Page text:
In search of a better definition of digital money

Dave Birch tries to cut through the noise on cryptocurrencies, blockchains and everything in between
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The absolutely fascinating topic of central bank digital currency is attracting a great deal of (deserved) attention but much of the conversation around the subject is frustrating. I see commentary that almost randomly switches between “digital currency”, “cryptocurrency” and “digital fiat” to the point that the terms are essentially meaningless. We need a framework for discussing the topic in a more productive way.

Let’s begin by exploring what the central concept is all about. Ben Dyson and Jack Meaning from the Bank of England discuss a particular kind of central bank digital currency (what some would call “digital fiat”) with quite specific characteristics. This seems to be to an excellent starting point. They describe a form of digital money that is:

  1. Universally accessible (anyone can hold it);
  2. Interest-bearing (with a variable rate of interest);
  3. Exchangeable for banknotes and central bank reserves at par (i.e. one-for-one);
  4. Based on accounts linked to real-world identities (not anonymous tokens);
  5. Withdrawable from your bank account (in the same way that you can withdraw banknotes).

This seems to me to be quite sensible definition: digital fiat is this particular kind of digital money. We can now start to fill in the blanks about how such a system might work. For example, should it be centralised, distributed or decentralised? Given that, as The Economist noted in an article about giving access to central bank money to everybody, “administrative costs should be low, given the no-frills nature of the accounts”, and given that a centralised system has the lowest cost, that would seem to point toward something like M-Pesa but run by the government.

Some years ago David Andolfatto, senior vice-president of the Federal Reserve Bank of St Louis, said that it was “hard to see the downsides to central banks supplying digital currency”. I agree, although I have long held that central banks will be only one of the providers of digital money and, as we will see, the battle lines are already being drawn up. The combination of the revolutionary but unproven with the evolutionary but nevertheless game-changing gives us a vision of a future central bank digital currency that is wholly practical.

There are, however, other arguments in favour of using newer and more radical technological solutions, not least of which is our old friend privacy. Again, as The Economist notes, people might well be “uncomfortable with accounts that give governments detailed information about transactions, particularly if they hasten the decline of good old anonymous cash”. However, as I have often written, I think there are ways to deliver appropriate levels of privacy into this kind of transactional system and pseudonymity is an obvious way to do this efficiently within a democratic framework.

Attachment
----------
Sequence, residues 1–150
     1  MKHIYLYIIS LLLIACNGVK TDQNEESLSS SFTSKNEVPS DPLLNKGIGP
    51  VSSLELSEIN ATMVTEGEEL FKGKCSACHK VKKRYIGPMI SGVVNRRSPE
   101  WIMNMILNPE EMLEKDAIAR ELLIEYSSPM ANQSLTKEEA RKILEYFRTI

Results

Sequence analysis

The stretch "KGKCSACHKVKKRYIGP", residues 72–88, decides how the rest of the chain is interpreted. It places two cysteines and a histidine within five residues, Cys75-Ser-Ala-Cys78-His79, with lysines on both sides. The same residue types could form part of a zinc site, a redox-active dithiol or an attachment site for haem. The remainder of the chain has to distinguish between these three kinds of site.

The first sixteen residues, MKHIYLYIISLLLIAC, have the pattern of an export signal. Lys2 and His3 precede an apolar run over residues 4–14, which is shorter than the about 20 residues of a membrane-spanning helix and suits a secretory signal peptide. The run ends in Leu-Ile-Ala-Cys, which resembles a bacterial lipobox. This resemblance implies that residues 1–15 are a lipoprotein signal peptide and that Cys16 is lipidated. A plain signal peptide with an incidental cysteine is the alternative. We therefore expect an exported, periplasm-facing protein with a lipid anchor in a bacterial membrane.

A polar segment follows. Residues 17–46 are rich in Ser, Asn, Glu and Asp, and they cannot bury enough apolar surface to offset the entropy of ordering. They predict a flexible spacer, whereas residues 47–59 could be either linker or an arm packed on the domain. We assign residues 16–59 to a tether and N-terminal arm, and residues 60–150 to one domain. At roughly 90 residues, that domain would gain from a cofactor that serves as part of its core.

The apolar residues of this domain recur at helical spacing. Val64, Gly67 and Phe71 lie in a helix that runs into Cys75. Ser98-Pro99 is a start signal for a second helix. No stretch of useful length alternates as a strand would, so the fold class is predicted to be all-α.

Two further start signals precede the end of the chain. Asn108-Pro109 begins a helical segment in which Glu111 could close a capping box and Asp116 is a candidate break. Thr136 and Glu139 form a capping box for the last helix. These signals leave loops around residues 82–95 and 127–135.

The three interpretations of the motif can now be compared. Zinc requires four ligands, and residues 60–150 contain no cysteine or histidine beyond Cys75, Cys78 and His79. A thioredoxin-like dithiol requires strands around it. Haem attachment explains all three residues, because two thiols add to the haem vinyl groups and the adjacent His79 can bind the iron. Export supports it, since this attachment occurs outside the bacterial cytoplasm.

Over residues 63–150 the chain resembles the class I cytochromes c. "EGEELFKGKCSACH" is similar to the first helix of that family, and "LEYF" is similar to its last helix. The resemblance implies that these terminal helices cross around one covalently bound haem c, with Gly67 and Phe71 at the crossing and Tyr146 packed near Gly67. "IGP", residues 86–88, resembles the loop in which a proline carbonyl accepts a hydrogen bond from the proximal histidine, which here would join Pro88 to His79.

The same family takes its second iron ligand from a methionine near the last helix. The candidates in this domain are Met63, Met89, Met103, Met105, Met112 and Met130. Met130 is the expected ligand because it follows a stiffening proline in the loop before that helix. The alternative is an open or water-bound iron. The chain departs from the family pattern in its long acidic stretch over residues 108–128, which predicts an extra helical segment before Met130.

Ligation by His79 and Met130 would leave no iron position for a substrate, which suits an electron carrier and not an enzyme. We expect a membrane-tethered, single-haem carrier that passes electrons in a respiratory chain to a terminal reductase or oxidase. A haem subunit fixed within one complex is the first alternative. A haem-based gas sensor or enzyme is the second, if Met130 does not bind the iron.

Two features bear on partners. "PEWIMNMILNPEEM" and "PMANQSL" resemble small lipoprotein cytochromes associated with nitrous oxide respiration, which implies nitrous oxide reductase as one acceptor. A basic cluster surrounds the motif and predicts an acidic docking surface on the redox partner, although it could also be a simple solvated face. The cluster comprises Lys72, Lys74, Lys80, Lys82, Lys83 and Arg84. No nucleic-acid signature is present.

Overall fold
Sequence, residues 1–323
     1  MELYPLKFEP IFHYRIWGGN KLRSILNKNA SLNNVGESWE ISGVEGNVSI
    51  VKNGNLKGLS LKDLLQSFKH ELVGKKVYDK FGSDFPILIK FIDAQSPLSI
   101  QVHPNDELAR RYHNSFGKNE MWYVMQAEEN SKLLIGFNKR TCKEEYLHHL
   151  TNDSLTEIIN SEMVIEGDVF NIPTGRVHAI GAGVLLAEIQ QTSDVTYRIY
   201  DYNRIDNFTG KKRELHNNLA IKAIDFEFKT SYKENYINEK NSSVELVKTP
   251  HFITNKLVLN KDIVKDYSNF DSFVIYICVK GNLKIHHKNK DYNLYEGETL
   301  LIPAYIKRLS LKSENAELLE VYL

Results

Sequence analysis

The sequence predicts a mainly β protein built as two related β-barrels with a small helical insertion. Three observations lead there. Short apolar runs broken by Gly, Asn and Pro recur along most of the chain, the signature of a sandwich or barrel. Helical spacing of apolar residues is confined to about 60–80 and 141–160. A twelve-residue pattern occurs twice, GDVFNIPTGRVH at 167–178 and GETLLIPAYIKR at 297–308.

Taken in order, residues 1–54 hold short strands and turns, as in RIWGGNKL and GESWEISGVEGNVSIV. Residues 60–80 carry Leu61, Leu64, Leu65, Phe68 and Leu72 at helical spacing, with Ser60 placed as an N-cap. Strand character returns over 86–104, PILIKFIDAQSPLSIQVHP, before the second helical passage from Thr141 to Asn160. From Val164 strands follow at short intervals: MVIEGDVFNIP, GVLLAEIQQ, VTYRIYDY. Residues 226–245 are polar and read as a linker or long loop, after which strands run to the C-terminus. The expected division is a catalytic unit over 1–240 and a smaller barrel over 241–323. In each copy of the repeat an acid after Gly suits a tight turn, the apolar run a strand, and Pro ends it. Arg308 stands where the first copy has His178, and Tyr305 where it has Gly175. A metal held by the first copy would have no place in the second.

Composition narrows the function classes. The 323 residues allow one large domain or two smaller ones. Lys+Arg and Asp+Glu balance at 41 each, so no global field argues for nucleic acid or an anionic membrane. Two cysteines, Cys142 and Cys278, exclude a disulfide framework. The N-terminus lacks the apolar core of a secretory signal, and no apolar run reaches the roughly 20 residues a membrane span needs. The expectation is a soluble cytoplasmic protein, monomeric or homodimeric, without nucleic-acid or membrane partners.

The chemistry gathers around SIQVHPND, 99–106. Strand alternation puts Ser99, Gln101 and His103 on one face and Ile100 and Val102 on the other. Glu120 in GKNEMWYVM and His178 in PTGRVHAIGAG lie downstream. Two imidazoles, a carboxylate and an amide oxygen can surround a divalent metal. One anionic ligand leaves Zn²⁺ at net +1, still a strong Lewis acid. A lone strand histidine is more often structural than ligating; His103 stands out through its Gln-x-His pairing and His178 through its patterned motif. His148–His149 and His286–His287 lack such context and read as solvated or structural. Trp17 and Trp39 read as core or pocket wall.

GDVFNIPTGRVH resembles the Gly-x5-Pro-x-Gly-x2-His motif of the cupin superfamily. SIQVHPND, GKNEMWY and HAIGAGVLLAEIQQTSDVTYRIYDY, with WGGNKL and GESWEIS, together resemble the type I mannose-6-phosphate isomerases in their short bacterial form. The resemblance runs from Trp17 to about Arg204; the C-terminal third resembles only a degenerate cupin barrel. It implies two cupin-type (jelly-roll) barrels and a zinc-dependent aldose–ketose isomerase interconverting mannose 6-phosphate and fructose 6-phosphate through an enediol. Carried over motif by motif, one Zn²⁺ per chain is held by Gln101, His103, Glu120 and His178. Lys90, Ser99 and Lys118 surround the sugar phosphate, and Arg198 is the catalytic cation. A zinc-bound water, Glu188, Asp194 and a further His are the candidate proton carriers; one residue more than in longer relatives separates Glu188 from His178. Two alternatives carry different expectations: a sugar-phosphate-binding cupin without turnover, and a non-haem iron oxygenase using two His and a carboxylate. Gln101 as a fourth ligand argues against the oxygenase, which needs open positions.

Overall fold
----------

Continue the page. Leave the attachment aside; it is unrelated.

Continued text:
So, would such a digital currency be a cryptocurrency? The answer is no, but we might use cryptocurrency to create a digital currency, thanks to the magic of “tokens”. Kevin Werbach, professor at the Wharton School, published a very good article about these recently. He set out a useful taxonomy, saying that:

  • There is cryptocurrency: the idea that networks can securely transfer value without central points of control;
  • There is blockchain: the idea that networks can collectively reach consensus about information across trust boundaries;
  • And there are crypto assets: the idea that virtual currencies can be “financialised” into tradable assets.

I might use a slightly different, more generalised approach (because a blockchain is only one kind of shared ledger that could be used to transfer digital values around), but Werbach summarises the situation exceedingly well. His perspective is that cryptocurrency is a revolutionary concept but the jury is still out on whether the revolution will succeed, whereas the shared ledger and the assets that might be managed using those shared ledgers are game-changing innovations but essentially evolutionary. The idea of such assets, which I will label digital bearer instruments, goes back to the long-ago days of DigiCash and Mondex, but the idea of implementing them using technology that is, in principle, available to every single person on the planet is wholly new.

Here’s my take on the situation. We have a value-transfer layer that may or may not be implemented using a blockchain, but, however constructed, it makes for the secure transfer of digital values from one storage area (“wallet”) to another. We then have a crypto-asset layer built on top of that to link the digital values to something in the real world – of course, this crypto-asset layer could be null and the digital value itself be the value traded, as in the case of bitcoin – giving us digital money. We then have a crypto-market layer to link the wallets to entities in the real world (e.g. people or companies), giving us digital identity.

Now that digital identities can exchange digital money, we have a functioning base layer for a new financial system based on digital bearer instruments that require no clearing or settlement, in contrast to the existing financial system based on electronic currency, accounts and fiat cash. In this formulation, then, the digital bearer instruments can be exchanged by “smart contracts” – I prefer the term “consensus applications”. The general term for these bearer assets is “token”, and thus the world of bitcoins and tokens and initial coin offerings (ICOs) all comes together.

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